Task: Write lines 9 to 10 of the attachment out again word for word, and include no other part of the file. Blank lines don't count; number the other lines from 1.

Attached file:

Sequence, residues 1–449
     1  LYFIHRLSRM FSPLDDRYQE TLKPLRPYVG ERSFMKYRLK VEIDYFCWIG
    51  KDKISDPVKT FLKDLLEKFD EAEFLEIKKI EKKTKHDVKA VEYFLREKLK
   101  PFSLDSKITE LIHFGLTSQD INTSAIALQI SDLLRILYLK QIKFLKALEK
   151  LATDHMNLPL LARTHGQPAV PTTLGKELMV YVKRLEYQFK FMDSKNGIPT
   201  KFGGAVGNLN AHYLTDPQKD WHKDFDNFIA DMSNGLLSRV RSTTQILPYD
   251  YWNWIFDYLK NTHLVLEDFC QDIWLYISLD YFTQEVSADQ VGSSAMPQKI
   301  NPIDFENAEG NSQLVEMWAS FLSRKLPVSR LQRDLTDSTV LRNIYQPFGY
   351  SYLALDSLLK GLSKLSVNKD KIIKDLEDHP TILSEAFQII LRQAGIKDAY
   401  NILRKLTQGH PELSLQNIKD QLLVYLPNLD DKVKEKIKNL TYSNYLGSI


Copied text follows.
   351  SYLALDSLLK GLSKLSVNKD KIIKDLEDHP TILSEAFQII LRQAGIKDAY
   401  NILRKLTQGH PELSLQNIKD QLLVYLPNLD DKVKEKIKNL TYSNYLGSI